In a new budget proposal introduced this week, the Trump administration announced its intent to cut the budget of the U.S. Environmental Protection Agency budget by more than a fourth.
The 2021 budget requests $6.7 billion for the EPA, a 26% decrease from the money allocated for the agency for 2020.
The lean proposal would guide the EPA to operate under the strictest interpretation of national environmental statues, leaving many functions of oversight and inspection in the hands of oftentimes weaker state environmental regulations.
“For 50 years, EPA employees and our many partners have worked together to fulfill the agency’s mission to protect human health and the environment. Today, Americans enjoy cleaner land, air and water than ever before,” said EPA administrator Andrew Wheeler in a statement. “Under President Trump’s leadership, I am certain that we will inspire the next generation of environmental leaders to continue building on our progress for the next 50 years.”
Most of the cuts to the EPA budget would come from a major reduction in grants available to states. The funds available to states and tribes would be less than a third of what was made available in the previous budget.
The administration said its request would also eliminate 50 programs outside of what it interprets as the EPA’s core mission and other programs that are “duplicative of other efforts.” The White House said the cuts would save taxpayers over $600 million.
The 2021 budget would also introduce the implementation of voluntary “user fees” levied on facilities to fund the programs that oversee them.
The administration said its budget “prioritizes innovative action to address priority environmental issues” like lead contamination, PFAS and harmful algal blooms.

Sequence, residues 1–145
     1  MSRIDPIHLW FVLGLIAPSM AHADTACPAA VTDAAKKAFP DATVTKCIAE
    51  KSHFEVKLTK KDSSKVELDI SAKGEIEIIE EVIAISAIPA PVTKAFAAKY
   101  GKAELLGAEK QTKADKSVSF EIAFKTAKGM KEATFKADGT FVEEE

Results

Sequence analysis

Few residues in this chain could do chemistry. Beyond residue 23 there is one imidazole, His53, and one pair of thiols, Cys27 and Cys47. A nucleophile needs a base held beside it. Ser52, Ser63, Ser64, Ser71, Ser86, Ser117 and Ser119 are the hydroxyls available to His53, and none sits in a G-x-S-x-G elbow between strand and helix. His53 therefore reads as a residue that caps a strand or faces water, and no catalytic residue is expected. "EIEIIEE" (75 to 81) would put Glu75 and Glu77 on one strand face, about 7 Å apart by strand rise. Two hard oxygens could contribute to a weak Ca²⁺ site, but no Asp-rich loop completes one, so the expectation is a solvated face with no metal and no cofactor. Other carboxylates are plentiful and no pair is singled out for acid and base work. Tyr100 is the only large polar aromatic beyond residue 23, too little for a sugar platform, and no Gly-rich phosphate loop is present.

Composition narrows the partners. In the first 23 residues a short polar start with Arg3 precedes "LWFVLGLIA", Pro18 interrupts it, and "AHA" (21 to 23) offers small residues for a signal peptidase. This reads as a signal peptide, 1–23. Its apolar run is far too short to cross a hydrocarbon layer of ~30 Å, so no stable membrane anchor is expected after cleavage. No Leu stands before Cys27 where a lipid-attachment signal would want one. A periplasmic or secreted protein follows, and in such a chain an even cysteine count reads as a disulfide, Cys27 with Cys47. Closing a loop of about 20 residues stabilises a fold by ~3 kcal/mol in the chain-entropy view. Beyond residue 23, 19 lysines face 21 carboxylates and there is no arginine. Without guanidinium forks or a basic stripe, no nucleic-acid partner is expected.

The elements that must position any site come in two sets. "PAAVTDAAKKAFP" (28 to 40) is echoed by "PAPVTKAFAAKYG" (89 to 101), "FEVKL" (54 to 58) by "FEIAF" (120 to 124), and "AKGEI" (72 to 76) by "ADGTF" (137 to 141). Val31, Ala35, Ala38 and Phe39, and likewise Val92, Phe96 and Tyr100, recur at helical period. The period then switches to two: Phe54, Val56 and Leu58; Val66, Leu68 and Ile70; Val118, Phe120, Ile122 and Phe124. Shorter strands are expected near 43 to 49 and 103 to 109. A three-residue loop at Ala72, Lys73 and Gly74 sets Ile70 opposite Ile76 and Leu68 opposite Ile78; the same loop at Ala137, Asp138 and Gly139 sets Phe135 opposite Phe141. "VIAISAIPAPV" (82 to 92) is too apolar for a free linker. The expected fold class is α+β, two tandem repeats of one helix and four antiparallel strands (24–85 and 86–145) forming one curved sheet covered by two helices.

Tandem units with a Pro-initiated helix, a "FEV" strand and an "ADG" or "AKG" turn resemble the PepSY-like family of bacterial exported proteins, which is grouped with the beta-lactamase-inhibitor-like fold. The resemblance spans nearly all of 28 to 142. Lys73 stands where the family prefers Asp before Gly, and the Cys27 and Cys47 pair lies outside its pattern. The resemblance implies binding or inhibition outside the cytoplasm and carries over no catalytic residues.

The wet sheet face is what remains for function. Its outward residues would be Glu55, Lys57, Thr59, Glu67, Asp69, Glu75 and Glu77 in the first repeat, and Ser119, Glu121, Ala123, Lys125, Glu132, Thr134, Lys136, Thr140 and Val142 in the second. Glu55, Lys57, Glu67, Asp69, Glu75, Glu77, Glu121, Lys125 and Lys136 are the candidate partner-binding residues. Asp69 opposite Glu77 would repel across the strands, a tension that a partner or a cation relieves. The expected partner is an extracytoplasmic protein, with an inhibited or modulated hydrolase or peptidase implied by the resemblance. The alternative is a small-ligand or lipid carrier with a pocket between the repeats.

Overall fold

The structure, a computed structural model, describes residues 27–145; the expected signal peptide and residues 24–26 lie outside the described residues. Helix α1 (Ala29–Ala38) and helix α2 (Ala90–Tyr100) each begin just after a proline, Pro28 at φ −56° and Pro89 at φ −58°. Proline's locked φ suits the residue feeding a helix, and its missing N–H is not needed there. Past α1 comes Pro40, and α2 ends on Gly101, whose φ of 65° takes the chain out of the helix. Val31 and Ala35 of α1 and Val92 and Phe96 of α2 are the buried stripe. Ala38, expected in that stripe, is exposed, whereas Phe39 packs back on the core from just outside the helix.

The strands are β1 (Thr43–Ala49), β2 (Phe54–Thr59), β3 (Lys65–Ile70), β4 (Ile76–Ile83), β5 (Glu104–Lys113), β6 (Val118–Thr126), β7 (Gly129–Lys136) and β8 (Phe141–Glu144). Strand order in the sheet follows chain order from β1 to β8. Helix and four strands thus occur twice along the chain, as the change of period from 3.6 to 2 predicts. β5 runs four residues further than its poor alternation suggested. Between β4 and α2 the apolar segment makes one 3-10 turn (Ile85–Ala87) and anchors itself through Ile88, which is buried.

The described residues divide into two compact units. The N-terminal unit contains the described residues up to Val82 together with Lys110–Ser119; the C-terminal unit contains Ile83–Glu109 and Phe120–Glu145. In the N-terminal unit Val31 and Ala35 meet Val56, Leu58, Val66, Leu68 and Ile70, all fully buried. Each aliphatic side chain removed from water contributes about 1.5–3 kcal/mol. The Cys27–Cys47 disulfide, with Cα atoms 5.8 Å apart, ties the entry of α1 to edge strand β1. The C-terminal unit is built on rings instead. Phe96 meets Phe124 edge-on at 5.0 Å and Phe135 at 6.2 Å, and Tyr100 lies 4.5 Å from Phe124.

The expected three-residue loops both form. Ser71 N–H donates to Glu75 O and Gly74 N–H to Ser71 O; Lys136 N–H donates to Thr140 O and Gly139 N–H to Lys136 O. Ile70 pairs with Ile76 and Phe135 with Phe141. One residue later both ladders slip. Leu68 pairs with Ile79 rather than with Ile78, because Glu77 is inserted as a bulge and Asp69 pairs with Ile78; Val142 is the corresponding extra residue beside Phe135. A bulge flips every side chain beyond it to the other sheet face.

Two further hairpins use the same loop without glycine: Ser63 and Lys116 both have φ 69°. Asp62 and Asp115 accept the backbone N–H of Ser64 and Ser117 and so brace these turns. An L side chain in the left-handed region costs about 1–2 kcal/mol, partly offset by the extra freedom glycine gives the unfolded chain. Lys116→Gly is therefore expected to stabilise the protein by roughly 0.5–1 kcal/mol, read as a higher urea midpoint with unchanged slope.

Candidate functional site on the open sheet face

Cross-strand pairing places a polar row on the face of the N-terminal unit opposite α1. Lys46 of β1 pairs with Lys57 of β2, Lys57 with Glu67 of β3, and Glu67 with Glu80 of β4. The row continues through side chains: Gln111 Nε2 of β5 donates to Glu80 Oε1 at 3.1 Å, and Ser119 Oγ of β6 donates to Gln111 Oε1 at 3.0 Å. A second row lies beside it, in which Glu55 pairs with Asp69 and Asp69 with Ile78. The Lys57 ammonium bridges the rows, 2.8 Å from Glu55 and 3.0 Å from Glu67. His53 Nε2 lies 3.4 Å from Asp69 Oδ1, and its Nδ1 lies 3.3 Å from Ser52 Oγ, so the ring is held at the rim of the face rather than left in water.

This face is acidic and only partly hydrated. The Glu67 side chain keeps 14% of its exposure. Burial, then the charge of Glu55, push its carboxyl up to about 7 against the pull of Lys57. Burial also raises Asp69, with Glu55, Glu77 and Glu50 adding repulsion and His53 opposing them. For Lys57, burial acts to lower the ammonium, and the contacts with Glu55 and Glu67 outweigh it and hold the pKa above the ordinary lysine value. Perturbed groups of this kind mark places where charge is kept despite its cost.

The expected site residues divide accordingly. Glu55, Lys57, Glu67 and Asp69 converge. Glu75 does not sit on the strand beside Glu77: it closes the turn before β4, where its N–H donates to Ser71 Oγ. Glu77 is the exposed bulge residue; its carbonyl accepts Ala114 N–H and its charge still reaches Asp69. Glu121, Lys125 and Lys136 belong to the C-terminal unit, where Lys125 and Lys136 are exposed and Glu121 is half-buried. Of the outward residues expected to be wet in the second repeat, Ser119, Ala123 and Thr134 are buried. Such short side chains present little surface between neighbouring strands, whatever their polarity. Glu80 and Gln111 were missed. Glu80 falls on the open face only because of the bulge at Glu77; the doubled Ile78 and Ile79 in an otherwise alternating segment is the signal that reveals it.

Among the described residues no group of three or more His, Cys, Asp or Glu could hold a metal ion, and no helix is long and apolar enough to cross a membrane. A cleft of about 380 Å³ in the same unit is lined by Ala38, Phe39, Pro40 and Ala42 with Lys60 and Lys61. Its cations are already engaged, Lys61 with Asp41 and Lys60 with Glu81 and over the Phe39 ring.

The Trump administration’s lead efforts are a continuation of a 2004 review of the Lead and Copper rule and largely follow the principles outlined in a 2016 EPA report.
The EPA’s 2019 “PFAS Action Plan” seeks to review potentially hazardous manmade chemicals known as PFAS, with the ultimate goal of assessing the necessity and appropriateness of a national maximum contaminant level for the chemicals.
So far, the only federal regulation to attempt to protect the public from the chemical is a non-enforceable health advisory of 70 ppb in drinking water for PFOA and PFOS, two chemicals in the PFAS family.
The Trump administration’s action to address harmful algal blooms is the reauthorization of a 1998 bill, the Harmful Algae and Hypoxia Research and Control Act. The bipartisan bill was amended to include freshwater bodies and signed into law in January 2019.
The budget proposal will now begin to make its way through the legislative process. Past attempts by the Trump administration to drastically reduce the money allotted to the EPA have failed and been mostly replaced by modest budget decreases.